I walked into the Patti Smith opening at the Robert Miller Gallery last Wednesday night and immediately encountered an assortment of folks from my past: Anthony Haden-Guest chatting with legendary Studio 54 dancer Bobby Watlington, Gramercy Art Fair director Tom Delavan, Rupert Smith's assistant in screening all things Warhol Donald Sheridan.
Then I looked at the walls and saw a vast bric-a-brac of Patti Smith's past and influences, artworks plus a yard-sale’s worth of her possessions: a photo of a life mask of William Blake, an image of Rimbaud's watch, Robert Mapplethorpe's bicycle, a pic of a battered suitcase with Patti Smith Group tour stickers all over it. Ah yes, the whole experience didn't amount to anything as art, but the idea of reaching a certain age and rearranging the furniture of your life is everywhere these days. For example, I was watching the BCS championship between Alabama and Texas on ABC and all the pre-game graphics were done in the style of Jack Pierson's thrift store wall reliefs of mismatched letters. Take that, Bear Bryant.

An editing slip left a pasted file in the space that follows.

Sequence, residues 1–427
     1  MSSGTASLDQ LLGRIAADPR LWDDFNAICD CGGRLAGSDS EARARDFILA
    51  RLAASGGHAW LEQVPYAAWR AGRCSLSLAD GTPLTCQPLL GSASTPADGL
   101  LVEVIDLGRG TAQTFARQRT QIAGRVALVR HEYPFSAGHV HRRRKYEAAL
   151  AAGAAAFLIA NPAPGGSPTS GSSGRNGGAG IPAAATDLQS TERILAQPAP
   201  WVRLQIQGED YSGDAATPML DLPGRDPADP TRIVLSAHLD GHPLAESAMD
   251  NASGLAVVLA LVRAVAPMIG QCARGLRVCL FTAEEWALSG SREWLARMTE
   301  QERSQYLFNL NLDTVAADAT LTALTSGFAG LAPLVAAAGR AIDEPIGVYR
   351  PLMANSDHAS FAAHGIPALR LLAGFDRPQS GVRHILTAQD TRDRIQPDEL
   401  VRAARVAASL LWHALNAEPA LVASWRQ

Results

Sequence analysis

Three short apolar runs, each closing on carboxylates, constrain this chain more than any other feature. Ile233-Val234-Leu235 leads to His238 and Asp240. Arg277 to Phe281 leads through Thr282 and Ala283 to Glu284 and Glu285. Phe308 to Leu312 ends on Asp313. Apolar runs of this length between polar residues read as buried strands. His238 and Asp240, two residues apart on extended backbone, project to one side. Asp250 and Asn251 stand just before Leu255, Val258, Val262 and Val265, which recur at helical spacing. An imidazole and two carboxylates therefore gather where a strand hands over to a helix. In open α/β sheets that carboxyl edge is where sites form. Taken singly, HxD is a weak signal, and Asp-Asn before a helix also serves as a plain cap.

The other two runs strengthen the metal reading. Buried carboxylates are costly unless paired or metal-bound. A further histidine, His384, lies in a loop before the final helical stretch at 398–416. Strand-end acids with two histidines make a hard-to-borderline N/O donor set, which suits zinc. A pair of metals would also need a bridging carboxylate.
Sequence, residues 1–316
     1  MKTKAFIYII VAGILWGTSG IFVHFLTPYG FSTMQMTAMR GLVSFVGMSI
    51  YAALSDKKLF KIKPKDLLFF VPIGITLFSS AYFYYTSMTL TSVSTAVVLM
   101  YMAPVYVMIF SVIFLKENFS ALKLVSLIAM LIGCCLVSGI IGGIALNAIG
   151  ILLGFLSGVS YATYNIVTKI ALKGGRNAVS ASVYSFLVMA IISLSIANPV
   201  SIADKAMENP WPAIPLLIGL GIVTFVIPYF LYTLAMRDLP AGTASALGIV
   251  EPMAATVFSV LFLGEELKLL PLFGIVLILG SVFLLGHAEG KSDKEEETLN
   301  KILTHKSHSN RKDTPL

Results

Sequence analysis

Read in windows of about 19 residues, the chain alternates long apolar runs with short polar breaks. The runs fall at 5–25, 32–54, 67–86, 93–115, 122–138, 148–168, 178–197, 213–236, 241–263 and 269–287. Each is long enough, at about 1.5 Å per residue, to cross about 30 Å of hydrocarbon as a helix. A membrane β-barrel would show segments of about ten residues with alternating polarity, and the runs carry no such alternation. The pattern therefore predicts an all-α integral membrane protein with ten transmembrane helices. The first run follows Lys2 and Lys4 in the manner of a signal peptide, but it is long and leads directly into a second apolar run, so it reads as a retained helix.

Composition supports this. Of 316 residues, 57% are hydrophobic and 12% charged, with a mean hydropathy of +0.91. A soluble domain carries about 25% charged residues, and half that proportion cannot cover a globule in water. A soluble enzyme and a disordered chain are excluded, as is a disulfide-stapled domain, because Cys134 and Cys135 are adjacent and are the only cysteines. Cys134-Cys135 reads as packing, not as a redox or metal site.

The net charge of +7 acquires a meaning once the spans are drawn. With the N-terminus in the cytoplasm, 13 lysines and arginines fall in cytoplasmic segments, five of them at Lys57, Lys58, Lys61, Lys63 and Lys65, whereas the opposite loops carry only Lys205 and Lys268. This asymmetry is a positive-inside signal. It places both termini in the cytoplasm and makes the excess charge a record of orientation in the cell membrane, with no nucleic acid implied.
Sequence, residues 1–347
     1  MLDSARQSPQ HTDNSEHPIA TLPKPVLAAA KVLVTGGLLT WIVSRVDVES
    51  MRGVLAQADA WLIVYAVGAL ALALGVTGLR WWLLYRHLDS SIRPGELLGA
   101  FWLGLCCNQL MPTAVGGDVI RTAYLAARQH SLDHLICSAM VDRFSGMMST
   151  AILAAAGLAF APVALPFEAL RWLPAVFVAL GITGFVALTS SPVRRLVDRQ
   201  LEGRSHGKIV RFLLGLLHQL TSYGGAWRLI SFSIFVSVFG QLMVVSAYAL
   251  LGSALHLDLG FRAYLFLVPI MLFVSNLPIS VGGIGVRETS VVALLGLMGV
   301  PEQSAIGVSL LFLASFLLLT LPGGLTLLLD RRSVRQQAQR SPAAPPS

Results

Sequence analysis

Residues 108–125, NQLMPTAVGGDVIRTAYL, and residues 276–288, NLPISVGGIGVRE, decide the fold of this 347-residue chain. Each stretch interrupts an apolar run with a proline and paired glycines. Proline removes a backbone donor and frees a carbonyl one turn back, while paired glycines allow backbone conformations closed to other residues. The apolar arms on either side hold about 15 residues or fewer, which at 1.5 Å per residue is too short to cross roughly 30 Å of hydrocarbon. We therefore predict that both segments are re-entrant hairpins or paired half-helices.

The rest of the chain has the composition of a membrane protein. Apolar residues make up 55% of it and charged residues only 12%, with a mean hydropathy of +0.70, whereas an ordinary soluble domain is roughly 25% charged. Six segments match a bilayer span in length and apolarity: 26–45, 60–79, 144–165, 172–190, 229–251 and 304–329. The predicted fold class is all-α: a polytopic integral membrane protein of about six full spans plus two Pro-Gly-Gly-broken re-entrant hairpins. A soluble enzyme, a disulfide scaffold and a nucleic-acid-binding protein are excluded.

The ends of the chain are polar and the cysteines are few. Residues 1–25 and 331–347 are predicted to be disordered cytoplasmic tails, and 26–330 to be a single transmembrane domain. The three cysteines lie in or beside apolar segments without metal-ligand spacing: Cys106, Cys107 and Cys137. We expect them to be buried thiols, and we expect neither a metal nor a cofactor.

My (and our) love for Patti Smith prevents me from being cynical, but there are a lot of forgettable photographs in the Miller show, many of which are either collaborations with or done solely by Steven Sebring, director of the recent Smith biopic Dream of Life. There's a pointless snapshot of an old Kodak camera and another of some sort of gun. The prices are all over the place, something here for $500, something there (to do with the Blake mask) for $20,000. I hope Patti doesn't need the money, but something about the way this slipshod, no account show is arranged tells me that she must.
Rock is dead and seeping like sediment into all the cracks of our culture: Flea of Red Hot Chili Peppers was backing Josh Groban on the National Anthem at the Bama-Texas tilt, for example. And just like those Pierson knock-off graphics, art is dying and seeping into any cultural crevice it can find. It's nice that art galleries will soon be holding fire sales for rock icons before they shuffle of the old mortal coil. If King Tut had done it, there would have been nothing in the tomb.
"Patti Smith and Steven Sebring: Objects of Life," Jan. 6-Feb. 6, 2010, at Robert Miller Gallery, 524 West 26th Street, New York, N.Y. 10001
CHARLIE FINCH is co-author of Most Art Sucks: Five Years of Coagula (Smart Art Press).